It has also increasingly militarized the islands – though a large portion of the garrison has been sent to fight in Ukraine – and some in Japan are concerned about having a substantial force of hostile foreign troops on their doorstep, particularly in a region where Tokyo has enough belligerent, nuclear-armed neighbours to worry about already.

Cape Nosappu is the closest many Japanese people can get to the Kurils. The paths feature painted maps of the area and markers of the distance, seven kilometres, to the disputed island of Suisho. A bridge-like monument calls for the return of four islands to Japan.

Hirotoshi Kawada was 11 when the Russians invaded tiny Taraku, one of the Habomai Islands at the southern tip of the Kuril chain. Days earlier, the local population had heard on the radio that Japan had formally surrendered, and that the war was over.

“Even though we had lost, the islanders all encouraged each other – we said we could rebuild,” said Mr. Kawada, now 88. “But then the Russians came.”

The troops landed in the northern part of the island, roughly two kilometres from Mr. Kawada’s house.

He climbed up onto the roof to look, watching people walking toward the coast to find out what the commotion was. Something felt wrong though, and he went to hide inside.

Peeking out through the shutters, he saw a Russian soldier for the first time.

“He was less than two metres away from me,” Mr. Kawada said. “I can still remember his face.”

Hirotoshi Kawada remembers the day the Russians came to the Kurils, his childhood home.

The troops went house to house, searching for Japanese soldiers and weapons. Later they hunted for alcohol too. Mr. Kawada remembers feeling outraged when the Russians did not remove their shoes before coming inside.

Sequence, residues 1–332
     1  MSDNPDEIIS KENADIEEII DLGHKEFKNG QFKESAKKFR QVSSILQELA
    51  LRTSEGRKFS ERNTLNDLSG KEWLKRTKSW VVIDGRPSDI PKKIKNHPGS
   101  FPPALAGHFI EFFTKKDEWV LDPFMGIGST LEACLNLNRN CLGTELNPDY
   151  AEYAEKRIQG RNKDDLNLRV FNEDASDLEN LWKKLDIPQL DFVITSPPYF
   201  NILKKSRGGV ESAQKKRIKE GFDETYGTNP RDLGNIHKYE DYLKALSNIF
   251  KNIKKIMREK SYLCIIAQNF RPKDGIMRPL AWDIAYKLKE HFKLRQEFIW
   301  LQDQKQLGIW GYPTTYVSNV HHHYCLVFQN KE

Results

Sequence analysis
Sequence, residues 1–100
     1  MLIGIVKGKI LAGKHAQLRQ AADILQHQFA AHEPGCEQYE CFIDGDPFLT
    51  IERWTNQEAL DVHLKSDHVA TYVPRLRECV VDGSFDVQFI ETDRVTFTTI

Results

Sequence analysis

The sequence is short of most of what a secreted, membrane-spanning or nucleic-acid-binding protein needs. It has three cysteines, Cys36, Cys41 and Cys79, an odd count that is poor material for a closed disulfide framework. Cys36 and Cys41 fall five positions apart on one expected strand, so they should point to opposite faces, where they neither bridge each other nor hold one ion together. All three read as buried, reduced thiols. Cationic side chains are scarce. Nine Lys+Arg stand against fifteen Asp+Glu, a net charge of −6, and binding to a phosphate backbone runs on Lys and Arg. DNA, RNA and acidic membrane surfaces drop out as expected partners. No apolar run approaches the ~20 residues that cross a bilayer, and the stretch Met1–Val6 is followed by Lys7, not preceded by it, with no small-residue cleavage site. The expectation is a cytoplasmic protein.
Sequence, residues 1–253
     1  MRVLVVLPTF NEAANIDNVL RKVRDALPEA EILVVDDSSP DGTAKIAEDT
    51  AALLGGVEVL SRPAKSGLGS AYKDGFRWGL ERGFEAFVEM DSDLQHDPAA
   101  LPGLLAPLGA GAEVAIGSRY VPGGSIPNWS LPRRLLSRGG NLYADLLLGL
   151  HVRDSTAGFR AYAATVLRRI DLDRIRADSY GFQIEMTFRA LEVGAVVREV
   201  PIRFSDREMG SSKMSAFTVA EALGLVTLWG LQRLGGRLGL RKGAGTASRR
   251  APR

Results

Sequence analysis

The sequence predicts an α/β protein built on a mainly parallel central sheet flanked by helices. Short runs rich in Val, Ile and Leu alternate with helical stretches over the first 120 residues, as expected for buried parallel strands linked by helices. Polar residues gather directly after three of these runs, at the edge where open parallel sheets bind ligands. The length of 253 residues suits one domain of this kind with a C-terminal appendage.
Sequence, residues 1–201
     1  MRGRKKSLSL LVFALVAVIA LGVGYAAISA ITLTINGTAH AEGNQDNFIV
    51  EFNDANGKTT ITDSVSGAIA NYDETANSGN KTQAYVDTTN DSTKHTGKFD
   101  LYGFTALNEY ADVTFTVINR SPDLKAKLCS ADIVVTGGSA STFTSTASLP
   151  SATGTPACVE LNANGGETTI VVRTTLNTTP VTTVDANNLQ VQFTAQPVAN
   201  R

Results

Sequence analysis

“If I had done that, my mother would have told me off,” he said.

But the Russians were not violent, or even particularly threatening, though they tried to stop people from leaving the island. Many did nevertheless, pushing boats out to sea at the dead of night when the sentries couldn’t see them. Soon, Mr. Kawada found himself among the only children left.

“One Russian, an officer called Alexei, used to play with me,” he said. “He urged me to go to school because not to do so would be foolish.”

There were no teachers left on Taraku, however, and so Mr. Kawada too was forced to leave for the mainland.

The Russians allowed him to go, with some soldiers even bringing him a desk from the school, on which was written a message of encouragement, and a note to bring it back after he graduated.

In Nemuro, Mr. Kawada points on a map to the island where he grew up.

Mr. Kawada did not feel too out of place in Nemuro, where he often visited before the war, and assumed he would return home soon enough.